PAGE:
I’d taken the train down to meet up with a number of my associates for a show that probably won’t return to the East Coast of the USA for years. UK Liquid Drum & Bass is an entirely different beast than the massive camouflage-and-gas-mask wearing cousin us Americans have been exposed to over on this side of the Atlantic. Starting to pepper the landscape in the early oughts, liquid became an entirely different sound than the harder, more aggressive drum and bass sounds that originally demarcated the genre from Jungle. London Elektricity, D. Kay, Mistabishi and few others began to stand out showing that you didn’t need massive bass bins or obnoxious drops to keep people moving. The genre was eventually dubbed “Liquid Funk” for its use of melodic R&B vocals, old school disco grooves and a general feeling of soul or jazz. I met up with a few heads from Philly, and an old friend who’d taken one of the last choppers out of Baghdad.
The last time I entered in this room, the place stank of Jagermeister and the reverberations of “Hot in Hurr” echoed through my adolescent mind. Newly christened the Baltimore Soundstage, the venue had gone by Liquid, Myst, or some other ridiculous moniker that the denizens of Baltimore-radius state schools ignored as they flooded it, in search of cheap drink and cheaper dates. I spent 6 years of my life in Baltimore and many of my formative young adult experiences occurred in that fantastically tragic city.
The spot was astonishingly different. The space had been re-allocated properly with triple the bar real estate and double the bartenders. There was a large area with stools and tables for the chilling and talking, and a decently sized GA area for the ravers, junglists, club kids, metal dweebs and a surprising number of younglings, yet to pick a class. We arrived just as the opener was finishing up, which, for a group traveling from 3 different cities, impressed even me.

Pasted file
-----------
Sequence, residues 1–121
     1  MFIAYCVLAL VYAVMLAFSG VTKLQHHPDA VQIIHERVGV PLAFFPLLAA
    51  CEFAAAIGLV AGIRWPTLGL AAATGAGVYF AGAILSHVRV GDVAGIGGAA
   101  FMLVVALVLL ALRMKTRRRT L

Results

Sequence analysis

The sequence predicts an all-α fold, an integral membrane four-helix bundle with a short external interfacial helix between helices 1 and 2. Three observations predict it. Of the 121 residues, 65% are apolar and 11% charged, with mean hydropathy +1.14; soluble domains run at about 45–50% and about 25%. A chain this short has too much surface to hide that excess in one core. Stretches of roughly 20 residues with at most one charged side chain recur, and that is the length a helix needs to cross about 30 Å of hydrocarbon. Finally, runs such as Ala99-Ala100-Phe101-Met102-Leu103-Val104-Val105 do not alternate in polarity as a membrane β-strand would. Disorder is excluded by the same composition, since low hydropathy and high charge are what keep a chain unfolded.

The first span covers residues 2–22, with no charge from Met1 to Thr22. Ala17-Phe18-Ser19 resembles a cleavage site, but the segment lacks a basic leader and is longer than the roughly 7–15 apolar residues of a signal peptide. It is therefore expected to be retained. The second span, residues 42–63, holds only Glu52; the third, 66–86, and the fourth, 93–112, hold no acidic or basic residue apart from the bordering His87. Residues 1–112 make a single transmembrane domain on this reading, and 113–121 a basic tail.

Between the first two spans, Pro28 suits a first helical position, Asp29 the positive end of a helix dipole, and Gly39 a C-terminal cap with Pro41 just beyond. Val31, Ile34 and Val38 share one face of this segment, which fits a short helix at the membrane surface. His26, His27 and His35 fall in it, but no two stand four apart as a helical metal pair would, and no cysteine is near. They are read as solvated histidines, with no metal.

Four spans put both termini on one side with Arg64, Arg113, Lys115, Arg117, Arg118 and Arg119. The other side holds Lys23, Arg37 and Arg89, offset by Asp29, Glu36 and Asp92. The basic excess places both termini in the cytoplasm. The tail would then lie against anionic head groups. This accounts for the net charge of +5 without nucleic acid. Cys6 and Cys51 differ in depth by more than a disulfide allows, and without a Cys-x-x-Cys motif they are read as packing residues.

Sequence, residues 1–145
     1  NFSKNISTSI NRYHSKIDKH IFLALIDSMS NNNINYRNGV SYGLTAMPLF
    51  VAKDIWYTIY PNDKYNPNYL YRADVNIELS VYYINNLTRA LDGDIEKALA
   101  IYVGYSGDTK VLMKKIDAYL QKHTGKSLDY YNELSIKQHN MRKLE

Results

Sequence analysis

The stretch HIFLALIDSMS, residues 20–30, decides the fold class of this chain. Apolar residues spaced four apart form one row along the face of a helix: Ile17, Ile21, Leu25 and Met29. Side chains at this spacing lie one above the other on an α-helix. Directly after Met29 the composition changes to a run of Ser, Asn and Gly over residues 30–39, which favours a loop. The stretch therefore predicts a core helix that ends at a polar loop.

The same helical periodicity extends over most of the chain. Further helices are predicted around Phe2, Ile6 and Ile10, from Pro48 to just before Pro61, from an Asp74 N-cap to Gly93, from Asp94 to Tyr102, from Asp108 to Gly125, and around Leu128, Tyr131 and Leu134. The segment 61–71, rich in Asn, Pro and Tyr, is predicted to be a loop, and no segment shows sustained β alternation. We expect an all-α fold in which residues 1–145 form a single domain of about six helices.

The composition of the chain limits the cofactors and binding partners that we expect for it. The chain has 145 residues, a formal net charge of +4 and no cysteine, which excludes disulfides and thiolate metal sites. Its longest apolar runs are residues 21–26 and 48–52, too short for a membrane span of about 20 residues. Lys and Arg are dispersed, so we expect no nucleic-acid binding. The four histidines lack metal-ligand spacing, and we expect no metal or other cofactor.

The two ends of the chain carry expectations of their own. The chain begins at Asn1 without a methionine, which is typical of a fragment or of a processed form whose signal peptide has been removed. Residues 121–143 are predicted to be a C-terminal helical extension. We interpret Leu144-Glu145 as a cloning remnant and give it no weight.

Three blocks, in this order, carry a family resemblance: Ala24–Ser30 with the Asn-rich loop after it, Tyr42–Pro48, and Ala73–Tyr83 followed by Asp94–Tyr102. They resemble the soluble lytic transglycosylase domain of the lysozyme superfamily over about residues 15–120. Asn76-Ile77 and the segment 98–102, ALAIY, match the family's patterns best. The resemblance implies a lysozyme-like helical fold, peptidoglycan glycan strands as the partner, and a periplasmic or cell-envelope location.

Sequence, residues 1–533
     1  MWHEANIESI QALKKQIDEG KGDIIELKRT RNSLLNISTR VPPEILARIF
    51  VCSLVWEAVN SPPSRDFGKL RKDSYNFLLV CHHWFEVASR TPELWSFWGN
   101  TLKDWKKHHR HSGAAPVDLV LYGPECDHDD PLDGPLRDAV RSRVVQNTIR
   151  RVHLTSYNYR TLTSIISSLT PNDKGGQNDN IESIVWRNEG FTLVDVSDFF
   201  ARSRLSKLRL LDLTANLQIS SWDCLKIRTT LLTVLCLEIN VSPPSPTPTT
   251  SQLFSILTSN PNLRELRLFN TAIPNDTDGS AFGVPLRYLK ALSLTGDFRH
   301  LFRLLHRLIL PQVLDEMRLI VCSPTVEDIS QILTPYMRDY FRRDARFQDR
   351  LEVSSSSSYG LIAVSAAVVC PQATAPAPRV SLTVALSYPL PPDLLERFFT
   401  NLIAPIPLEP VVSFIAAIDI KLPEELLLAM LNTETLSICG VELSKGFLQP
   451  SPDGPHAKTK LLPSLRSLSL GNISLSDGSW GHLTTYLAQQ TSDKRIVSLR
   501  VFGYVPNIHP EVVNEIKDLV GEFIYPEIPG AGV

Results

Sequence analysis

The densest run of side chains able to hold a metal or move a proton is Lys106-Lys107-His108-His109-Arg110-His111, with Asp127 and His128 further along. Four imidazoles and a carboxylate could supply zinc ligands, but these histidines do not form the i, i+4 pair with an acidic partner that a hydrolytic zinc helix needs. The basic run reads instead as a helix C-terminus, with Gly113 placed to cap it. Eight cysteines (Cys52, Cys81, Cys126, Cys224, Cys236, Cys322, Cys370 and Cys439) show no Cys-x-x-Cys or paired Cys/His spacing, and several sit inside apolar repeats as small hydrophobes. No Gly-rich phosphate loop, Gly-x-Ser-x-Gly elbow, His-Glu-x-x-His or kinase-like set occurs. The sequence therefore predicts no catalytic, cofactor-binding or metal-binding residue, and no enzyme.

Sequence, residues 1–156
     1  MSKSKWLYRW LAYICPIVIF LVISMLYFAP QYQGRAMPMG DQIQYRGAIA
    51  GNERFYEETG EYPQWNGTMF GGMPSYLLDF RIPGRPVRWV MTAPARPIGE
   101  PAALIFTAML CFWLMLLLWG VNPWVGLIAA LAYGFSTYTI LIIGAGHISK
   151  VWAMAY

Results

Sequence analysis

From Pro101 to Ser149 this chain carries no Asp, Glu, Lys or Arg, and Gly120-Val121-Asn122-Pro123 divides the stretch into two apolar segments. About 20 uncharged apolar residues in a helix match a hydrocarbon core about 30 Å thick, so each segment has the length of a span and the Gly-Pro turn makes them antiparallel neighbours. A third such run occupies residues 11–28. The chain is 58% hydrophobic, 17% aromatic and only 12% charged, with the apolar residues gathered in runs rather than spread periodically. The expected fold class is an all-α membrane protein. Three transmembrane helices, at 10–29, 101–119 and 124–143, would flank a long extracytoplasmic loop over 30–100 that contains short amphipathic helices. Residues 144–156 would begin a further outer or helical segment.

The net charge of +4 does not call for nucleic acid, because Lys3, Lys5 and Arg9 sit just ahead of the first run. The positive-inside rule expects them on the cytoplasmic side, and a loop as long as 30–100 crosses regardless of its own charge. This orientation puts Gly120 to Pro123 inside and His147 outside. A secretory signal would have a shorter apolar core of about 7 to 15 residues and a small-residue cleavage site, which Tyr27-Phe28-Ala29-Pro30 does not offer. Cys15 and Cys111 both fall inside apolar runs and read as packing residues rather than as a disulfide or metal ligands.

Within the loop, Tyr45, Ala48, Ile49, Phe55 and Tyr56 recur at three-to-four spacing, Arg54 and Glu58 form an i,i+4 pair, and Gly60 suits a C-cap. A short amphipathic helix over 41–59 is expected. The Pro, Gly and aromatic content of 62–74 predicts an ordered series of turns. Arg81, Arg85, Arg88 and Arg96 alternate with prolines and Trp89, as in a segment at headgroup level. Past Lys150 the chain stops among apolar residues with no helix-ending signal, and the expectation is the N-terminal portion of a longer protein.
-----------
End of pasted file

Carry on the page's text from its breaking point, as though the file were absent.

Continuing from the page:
High Contrast and Netsky, two exceptional DJs off of London Elektricity’s label Hospital Records, were slated to blow our minds, but in a smooth melodic, non-confrontational way. High Contrast kicked things off with an exceptional overview of the Hospital Records label catalog. A hyper-combo of tracks that we’d listened to dozens of times (though we’d never been to a drum and bass show together) slid through our ears and electrified the dance floor. Drum and Bass can be almost irresistible when produced and spun properly, and few know how to do it better than the advance guard for London Elektricity. As dance floor grooved and the overhead chandeliers vaguely shook to the beat, I chatted with my friend, the Iraq War vet and general communications superhero.
At one point in the evening, after the third or fourth Amstel Light, I found my bartender and a young Asian girl looking forlorn at the bar. One of the downsides to being me is: they definitely do keep getting younger and I keep feeling sketchier and sketchier. However, showing up in my old hood with “I gots me a real job” money does have its benefits. It seemed the random Baltimore College student had her credit card declined and was about 10 bucks short on her tab. If she couldn’t pay it, the bartender was going to have to eat it. I remember the exact feeling of being 10 bucks short, it’s not something I’d wish on anyone, even the people who won’t shut up about class warfare.
There were a thousand reasons to pay my tab and say good night. But, at the end of the night, as Netsky’s set was winding down (and boy oh boy was he killing it), I stayed there, watching the blonde fumble with cards and re-allocating totals. You can spend that much for a watered down cocktail in NYC, and there is a certain fuzzy feeling one gets from looking at a doe-eyed college student at an EDM show and saying “Don’t worry about it, just pay it forward.”
Filed under: What lies Beneath